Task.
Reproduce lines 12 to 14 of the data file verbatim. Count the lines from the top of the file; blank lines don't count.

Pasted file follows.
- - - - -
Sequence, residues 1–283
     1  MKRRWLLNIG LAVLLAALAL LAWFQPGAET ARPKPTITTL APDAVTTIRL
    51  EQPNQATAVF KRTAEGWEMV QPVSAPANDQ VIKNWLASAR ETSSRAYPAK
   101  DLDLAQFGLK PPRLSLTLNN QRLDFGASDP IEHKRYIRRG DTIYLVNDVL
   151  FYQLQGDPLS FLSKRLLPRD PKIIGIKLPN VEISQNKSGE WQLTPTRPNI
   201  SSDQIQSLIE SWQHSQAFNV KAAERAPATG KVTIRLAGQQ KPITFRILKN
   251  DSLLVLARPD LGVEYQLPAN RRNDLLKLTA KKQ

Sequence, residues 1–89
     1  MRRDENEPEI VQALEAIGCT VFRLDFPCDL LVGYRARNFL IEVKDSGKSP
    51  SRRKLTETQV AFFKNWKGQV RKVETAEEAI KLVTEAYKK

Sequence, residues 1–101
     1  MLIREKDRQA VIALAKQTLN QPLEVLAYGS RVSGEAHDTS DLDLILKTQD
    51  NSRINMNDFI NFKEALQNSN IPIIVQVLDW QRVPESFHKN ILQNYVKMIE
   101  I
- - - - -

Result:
     1  MLIREKDRQA VIALAKQTLN QPLEVLAYGS RVSGEAHDTS DLDLILKTQD
    51  NSRINMNDFI NFKEALQNSN IPIIVQVLDW QRVPESFHKN ILQNYVKMIE
   101  I